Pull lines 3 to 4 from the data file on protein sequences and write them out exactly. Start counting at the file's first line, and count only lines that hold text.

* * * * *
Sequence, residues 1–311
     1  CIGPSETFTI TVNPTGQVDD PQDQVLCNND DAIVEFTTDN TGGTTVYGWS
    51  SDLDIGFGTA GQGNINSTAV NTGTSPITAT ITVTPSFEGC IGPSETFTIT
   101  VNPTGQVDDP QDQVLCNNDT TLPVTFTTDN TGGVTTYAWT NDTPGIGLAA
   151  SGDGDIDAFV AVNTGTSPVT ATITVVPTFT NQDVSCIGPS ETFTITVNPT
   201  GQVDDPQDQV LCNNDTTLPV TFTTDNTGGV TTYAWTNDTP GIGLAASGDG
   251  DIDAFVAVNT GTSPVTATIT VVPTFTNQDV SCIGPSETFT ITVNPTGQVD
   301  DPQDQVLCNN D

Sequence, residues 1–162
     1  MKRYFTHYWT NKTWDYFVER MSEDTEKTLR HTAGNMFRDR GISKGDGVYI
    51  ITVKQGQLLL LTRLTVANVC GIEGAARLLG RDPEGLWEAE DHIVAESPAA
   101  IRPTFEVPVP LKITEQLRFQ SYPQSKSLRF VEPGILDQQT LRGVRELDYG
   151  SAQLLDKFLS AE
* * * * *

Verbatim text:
    51  SDLDIGFGTA GQGNINSTAV NTGTSPITAT ITVTPSFEGC IGPSETFTIT
   101  VNPTGQVDDP QDQVLCNNDT TLPVTFTTDN TGGVTTYAWT NDTPGIGLAA